C/2022 E3 (ZTF): The green, icy comet passes Earth

The last time a comet flew by Earth was 50,000 years ago.

The last time a comet flew by Earth was 50,000 years ago.
Image credit and copyright: Dan Bartlett

An ice comet will fly over Earth in a few weeks – for the first time in 50,000 years.

Even with the naked eye, it is said to be visible in the night sky with its green tail.

According to NASA, the comet comes from the mysterious Oort Cloud.

According to NASA, a green comet will pass Earth for the first time since the Stone Age. It can be visible in the sky in late January and early February.

The icy comet, called C/2022 E3 (ZTF), was discovered by astronomers in March 2022. They had never seen it before because it takes so long to orbit the sun, completing an orbit that lasts tens of thousands of years. When this comet was last in our neighborhood, modern astronomy–and human civilization–didn’t exist.

The comet is expected to come within about 26 million miles from Earth on February 2nd. According to astronomers, this will be the closest it has been to Earth in 50,000 years. At that time people were in the Neolithic period. At that time people probably left Africa and settled in Asia and Europe. Neanderthals still live on Earth. The planet was in the middle of an ice age.

The icy cosmic visitor will pass our planet at a distance roughly 109 times the average distance of the Moon, but the comet is so bright that it can still be seen in the night sky.

“Comets are notoriously unpredictable, but if this comet continues in its current direction of brightness it will be easy to spot with binoculars and there is a good chance it will become visible to the naked eye under dark skies,” NASA wrote in an update. December 29th.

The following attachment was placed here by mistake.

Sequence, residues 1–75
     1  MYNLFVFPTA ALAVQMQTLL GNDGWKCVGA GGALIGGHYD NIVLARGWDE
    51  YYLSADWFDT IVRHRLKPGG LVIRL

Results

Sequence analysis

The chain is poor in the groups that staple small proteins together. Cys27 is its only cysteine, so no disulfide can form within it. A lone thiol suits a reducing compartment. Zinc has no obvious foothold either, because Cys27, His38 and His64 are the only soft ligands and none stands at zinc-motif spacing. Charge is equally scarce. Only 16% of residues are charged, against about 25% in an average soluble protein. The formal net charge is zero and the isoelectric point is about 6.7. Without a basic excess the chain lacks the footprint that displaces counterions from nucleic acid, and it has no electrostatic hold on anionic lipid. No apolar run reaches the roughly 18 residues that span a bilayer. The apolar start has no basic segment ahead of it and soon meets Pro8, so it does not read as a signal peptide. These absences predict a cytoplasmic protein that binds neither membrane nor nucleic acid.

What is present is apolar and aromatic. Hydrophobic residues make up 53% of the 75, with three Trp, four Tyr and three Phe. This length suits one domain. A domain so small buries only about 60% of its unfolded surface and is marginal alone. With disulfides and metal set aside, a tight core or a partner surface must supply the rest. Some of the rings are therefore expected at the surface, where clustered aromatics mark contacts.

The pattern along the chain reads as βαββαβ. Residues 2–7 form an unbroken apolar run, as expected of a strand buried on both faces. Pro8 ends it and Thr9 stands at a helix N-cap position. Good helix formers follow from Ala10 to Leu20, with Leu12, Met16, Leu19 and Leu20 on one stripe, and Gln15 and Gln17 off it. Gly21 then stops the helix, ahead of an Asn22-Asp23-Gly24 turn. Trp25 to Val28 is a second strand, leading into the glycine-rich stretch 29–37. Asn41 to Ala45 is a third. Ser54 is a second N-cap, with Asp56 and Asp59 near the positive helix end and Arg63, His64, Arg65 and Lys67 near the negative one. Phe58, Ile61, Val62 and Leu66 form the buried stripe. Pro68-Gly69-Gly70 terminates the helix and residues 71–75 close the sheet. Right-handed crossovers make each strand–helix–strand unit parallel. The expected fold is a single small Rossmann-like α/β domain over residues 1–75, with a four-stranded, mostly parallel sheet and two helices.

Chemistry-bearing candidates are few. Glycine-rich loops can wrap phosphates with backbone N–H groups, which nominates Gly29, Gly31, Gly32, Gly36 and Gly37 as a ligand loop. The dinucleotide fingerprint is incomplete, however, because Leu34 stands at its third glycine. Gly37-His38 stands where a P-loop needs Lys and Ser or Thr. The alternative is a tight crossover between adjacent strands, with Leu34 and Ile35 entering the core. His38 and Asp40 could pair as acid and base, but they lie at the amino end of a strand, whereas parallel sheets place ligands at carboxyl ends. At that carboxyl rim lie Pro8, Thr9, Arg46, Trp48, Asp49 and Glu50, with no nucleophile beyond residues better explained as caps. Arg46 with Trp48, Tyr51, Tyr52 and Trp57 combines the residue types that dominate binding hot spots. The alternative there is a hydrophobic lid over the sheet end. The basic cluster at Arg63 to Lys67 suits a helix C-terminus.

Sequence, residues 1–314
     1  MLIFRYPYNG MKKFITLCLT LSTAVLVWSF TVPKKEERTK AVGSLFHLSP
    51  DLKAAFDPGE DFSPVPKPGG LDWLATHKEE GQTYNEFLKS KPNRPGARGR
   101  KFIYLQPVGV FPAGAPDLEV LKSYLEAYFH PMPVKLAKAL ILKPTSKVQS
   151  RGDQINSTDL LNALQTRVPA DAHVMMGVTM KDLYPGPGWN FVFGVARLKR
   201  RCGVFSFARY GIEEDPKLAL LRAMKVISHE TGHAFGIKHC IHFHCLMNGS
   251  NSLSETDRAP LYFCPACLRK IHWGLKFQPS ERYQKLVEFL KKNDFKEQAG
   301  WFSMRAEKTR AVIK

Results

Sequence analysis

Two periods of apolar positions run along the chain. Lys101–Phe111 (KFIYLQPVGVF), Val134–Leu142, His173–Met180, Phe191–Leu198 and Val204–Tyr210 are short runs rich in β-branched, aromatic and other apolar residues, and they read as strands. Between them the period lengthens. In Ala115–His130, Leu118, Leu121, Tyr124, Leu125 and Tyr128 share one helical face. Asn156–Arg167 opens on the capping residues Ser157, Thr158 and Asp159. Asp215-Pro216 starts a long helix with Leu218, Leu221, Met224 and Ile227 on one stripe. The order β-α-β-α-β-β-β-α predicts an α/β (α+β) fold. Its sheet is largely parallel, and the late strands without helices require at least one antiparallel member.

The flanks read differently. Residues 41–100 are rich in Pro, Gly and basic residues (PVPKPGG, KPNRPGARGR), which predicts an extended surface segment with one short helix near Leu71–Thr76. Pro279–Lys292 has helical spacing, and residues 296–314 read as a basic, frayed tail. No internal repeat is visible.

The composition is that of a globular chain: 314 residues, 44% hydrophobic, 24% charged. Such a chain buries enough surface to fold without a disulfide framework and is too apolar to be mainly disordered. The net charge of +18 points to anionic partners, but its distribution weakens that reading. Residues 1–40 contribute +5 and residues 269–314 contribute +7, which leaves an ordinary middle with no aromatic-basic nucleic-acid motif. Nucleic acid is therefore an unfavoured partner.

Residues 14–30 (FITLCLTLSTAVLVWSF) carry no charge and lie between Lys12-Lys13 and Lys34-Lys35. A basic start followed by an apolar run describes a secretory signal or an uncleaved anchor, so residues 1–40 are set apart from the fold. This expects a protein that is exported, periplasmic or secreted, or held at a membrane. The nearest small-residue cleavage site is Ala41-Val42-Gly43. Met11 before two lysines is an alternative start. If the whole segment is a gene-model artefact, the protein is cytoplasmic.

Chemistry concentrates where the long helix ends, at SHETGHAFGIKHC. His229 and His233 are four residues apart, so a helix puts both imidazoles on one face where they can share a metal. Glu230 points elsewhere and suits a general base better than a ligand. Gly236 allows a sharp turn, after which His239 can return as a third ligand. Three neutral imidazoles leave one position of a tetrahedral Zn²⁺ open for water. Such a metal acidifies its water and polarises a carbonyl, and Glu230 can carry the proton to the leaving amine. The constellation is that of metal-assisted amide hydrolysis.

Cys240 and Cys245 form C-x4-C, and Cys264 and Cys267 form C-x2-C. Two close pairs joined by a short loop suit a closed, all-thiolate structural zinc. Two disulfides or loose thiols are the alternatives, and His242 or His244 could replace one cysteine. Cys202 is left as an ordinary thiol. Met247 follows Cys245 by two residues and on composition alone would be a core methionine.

Where will the comet be seen

In the Northern Hemisphere, the green comet should be visible before sunrise in late January. At first it can only be seen with a telescope, but as it gets closer to Earth, NASA expects to see it with binoculars as well.

“The comet has brightened dramatically and is now passing over the northern constellation Corona Borealis in the morning sky,” NASA said in a press release. At this point, it was still too weak to see with a telescope.

A full new moon eclipse on January 21 could lead to dark skies perfect for comet sighting.

In the Southern Hemisphere, the green cosmic snowball will be visible in early February. The comet has a green dust tail and a long, faint ion tail, according to NASA.

Many comets glow green. The researchers associate this with a reactive molecule called dicarbon, which emits green light when refracted in sunlight. Dicarbonate is common in comets but is not usually found in their tails. This is why the so-called coma — the haze surrounding the frozen ball of gas, dust, and rock at a comet’s center — glows green while the tail remains white.

Experts told USA Today that the comet most likely originated in the Oort Cloud, the farthest region in the solar system that NASA has described as a large, thick-walled bubble of icy space debris the size of a mountain and sometimes larger.

Last chance to see the comet

Jessica Lee, astronomer at the Royal Observatory Greenwich, told Newsweek.

She added: “Some predictions indicate that the orbit of this comet is so eccentric that it is out of its orbit – so it will not return at all and will continue to travel.”

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